Walter and I are pretty much in agreement that Viola Davis has a key advantage: she’s in a 94-minute film that’s easy to find on Netflix and stars soon-to-be Best Actor winner Chadwick Boseman. Even if the math tilts McDormand, her recent Oscar win for Three Billboards means this would be her third Oscar. Davis also won pretty recently for Fences, but even then it felt weird that Viola Davis’ only Oscar was for a supporting role. Time to correct that and give her the Best Actress Oscar, which would make her only the second Black woman in history to win the award.

Best Actor

Riz Ahmed, Sound of Metal Chadwick Boseman, Ma Rainey's Black Bottom Anthony Hopkins, The Father Gary Oldman, Mank Steven Yeun, Minari

Easy lock. Not much competition here.

Best Supporting Actress

Maria Bakalova, Borat Subsequent Moviefilm Glenn Close, Hillbilly Elegy Olivia Colman, The Father Amanda Seyfried, Mank Yuh-jung Youn, Minari

Ever since the Oscar nominations came out, this has been Yuh-jung Youn’s to lose. I’m including a clip of her accepting the BAFTA just in case you missed it a few posts back. She’s wonderful.

Best Supporting Actor

Sacha Baron Cohen, The Trial of the Chicago 7 Daniel Kaluuya, Judas and the Black Messiah Leslie Odom Jr., One Night in Miami... Paul Raci, Sound of Metal Lakeith Stanfield, Judas and the Black Messiah

Daniel Kaluuya is only 32 and has starred in Get Out, Black Panther, Widows, Queen & Slim, and Judas and the Black Messiah. So an Oscar feels like the next logical step.

Best Original Screenplay

Judas and the Black Messiah Minari Promising Young Woman Sound of Metal The Trial of the Chicago 7

Promising Young Woman has had a bizarre awards season — like when it got nominated for Best Film at the BAFTAs but its British star did not, despite showing up at all the other big precursors — but I think its finding a sweet spot in picking up screenplay awards, like at the aforementioned BAFTAs and the WGA Awards.

Best Adapted Screenplay

Borat Subsequent Moviefilm The Father Nomadland One Night in Miami... The White Tiger

Borat has eight people (!) nominated, but despite not being the most COVID-friendly nominee, this movie has a ton of love and support, even picking up the WGA Award. (Also a fun fact here: One Night in Miami… was written by Kemp Powers, who also co-wrote and co-directed Pixar’s Soul. Even so, he is not nominated in the animated feature category because of Academy rules barring co-directors from receiving a statue.)

Best Animated Feature Film

Onward Over the Moon A Shaun the Sheep Movie: Farmageddon Soul Wolfwalkers

Even when Pixar has a movie that’s not super well-received, it’s a juggernaut in the category.

Best International Feature Film

Another Round (Denmark) Better Days (Hong Kong) Collective (Romania) The Man Who Sold His Skin (Tunisia) Quo Vadis, Aida? (Bosnia and Herzegovina)

The director nod for Another Round’s Thomas Vinterberg should translate into a win, but if there’s a spoiler I’m guessing it’s Quo Vadis, Aida? which just won the Independent Spirit Award.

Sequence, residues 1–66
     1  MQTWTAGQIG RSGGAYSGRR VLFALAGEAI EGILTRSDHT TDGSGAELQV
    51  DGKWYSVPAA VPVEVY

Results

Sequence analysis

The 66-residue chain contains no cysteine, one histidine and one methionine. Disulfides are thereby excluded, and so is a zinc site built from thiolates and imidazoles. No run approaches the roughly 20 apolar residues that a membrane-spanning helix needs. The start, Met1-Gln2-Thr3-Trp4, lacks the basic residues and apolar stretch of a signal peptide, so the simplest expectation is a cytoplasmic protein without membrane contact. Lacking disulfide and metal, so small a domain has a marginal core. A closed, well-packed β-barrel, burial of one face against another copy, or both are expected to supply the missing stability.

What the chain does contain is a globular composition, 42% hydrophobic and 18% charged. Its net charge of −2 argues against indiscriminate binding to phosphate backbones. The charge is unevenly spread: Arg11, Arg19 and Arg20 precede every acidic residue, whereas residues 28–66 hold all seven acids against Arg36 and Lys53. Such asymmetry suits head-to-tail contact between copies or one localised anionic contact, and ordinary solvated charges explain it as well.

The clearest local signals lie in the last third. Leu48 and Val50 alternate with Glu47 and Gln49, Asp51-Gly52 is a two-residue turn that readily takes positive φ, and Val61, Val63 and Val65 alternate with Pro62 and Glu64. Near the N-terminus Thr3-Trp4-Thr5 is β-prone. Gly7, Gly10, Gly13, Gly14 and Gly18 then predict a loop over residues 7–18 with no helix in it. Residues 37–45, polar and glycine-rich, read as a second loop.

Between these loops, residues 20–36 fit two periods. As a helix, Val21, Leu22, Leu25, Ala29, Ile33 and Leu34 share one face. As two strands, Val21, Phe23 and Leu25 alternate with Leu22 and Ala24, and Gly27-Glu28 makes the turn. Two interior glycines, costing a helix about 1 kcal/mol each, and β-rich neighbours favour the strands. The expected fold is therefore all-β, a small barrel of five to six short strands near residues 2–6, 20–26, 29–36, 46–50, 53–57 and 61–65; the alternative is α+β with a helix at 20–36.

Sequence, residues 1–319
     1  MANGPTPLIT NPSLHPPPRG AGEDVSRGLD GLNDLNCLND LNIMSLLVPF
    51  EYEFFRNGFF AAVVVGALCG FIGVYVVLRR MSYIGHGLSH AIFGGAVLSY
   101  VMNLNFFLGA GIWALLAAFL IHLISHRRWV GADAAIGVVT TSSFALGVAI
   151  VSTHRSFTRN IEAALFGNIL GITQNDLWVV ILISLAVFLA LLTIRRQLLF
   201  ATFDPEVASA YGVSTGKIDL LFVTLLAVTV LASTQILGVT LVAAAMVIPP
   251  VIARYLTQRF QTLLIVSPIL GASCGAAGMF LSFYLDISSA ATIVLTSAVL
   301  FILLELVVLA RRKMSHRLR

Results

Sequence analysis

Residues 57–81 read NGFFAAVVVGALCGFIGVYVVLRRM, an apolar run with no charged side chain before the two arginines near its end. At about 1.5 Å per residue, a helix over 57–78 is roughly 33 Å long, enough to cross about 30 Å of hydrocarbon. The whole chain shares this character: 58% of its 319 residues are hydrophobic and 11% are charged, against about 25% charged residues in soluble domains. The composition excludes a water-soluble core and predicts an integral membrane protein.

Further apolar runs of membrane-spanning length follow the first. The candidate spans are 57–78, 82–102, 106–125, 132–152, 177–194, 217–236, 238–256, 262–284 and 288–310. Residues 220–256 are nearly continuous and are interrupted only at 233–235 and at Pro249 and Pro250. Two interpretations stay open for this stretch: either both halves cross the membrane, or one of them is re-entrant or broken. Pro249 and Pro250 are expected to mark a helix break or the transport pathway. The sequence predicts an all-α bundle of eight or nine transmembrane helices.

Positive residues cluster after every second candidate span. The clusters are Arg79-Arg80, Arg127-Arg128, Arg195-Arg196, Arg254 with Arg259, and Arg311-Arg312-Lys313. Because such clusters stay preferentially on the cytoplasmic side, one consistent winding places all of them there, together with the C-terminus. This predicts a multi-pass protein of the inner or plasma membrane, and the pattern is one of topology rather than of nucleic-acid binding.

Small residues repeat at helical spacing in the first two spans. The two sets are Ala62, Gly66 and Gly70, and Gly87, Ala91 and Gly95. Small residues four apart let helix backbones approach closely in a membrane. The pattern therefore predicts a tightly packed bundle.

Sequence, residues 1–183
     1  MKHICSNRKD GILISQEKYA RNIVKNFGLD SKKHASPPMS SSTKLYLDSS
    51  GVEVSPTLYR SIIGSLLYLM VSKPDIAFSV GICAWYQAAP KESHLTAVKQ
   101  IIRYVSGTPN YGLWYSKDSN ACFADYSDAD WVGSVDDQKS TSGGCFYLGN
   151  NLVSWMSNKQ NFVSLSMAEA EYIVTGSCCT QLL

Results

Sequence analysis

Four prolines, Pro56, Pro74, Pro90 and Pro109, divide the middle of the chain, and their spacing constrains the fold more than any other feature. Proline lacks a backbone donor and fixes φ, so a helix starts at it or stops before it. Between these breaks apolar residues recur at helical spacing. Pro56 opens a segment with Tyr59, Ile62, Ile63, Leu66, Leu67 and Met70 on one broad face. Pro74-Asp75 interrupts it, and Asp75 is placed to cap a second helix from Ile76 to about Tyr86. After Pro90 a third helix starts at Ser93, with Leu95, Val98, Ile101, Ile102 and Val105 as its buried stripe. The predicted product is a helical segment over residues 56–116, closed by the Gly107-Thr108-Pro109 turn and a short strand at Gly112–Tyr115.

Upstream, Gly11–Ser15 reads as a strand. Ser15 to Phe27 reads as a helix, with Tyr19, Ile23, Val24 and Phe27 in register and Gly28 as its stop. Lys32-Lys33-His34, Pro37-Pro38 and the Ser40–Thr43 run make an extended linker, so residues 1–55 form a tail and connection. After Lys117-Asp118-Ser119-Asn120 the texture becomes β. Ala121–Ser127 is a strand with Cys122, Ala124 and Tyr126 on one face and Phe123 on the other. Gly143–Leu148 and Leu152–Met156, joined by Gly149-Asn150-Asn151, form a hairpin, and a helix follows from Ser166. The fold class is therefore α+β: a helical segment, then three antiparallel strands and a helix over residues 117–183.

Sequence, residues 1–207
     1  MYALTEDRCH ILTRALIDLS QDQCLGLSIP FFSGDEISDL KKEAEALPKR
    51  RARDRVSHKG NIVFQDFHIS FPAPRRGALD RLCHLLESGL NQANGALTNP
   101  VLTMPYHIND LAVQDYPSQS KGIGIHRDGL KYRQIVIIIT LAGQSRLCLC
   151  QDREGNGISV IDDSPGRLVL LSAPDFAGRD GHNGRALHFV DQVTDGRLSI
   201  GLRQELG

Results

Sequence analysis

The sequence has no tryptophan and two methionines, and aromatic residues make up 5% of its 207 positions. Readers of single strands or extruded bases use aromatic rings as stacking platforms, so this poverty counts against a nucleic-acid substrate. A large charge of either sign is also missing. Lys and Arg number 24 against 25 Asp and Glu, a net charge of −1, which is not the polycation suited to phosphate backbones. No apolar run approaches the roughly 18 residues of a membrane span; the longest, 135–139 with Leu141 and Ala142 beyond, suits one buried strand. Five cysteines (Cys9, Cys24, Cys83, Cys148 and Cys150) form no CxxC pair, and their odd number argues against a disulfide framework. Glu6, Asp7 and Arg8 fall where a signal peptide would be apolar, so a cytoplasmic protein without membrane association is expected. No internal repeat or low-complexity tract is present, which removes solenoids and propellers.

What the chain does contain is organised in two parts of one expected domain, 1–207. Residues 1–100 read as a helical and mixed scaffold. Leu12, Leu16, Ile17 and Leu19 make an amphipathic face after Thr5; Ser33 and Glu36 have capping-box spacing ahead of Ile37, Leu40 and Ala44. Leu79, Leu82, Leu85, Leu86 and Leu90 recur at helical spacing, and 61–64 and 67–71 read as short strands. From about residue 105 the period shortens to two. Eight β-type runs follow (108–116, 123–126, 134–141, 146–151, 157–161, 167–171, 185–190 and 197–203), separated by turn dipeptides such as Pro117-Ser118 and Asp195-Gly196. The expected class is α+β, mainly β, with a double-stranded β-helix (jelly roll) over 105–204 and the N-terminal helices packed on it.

Best Documentary Feature

Collective Crip Camp The Mole Agent My Octopus Teacher Time

Barack and Michelle Obama’s production company produced last year’s Best Doc winner (American Factory), and I think the three-year-old company is going to have a repeat win with Crip Camp.

Best Documentary Short Subject

Colette A Concerto Is a Conversation Do Not Split Hunger Ward A Love Song for Latasha

I did a whole deep dive on this category, so check it out if you missed it. Because we have basically no precursors, I’m going more on a hunch than anything else — A Love Song for Latasha is topical and easy to watch since it’s on Netflix. You can watch all of these in an afternoon if you want to get up to speed!

Best Live Action Short Film

Feeling Through The Letter Room The Present Two Distant Strangers White Eyes

Despite Oscar Isaac and Alia Shawkat starring in The Letter Room and Oscar winner Marlee Matlin exec producing Feeling Through, the conventional wisdom is that Two Distant Strangers — about a Black man stuck in a time loop forcing him to relive a fatal interaction with the police — will take home the Oscar. Directed by Emmy Award-winning Daily Show writer Travon Free, Two Daily Strangers is available to stream on Netflix now.

Best Animated Short Film

Burrow Genius Loci If Anything Happens I Love You Opera Yes-People

Academy Governor and Best Supporting Actress winner Laura Dern exec produced the Netflix short If Anything Happens I Love You, about two parents dealing with the grief of losing a child in a school shooting. It really sucks to keep saying “this movie is about a really violent and sad topic, so it’s timely!” but that’s just sort of where we are.

Best Original Score

Da 5 Bloods Mank Minari News of the World Soul

When a score is actually integral to the film’s storytelling, like in La La Land or The Artist, there’s an undeniable edge, so Soul is the likely winner given that it’s about a music teacher/jazz musician. This would be the second Oscar for Trent Reznor and Atticus Ross and the first for Jon Batiste.

Best Original Song

"Fight for You" from Judas and the Black Messiah "Hear My Voice" from Trial of the Chicago 7 "Husavik" from Eurovision Song Contest: The Story of Fire Saga "Io sì (Seen)" from The Life Ahead "Speak Now" from One Night in Miami...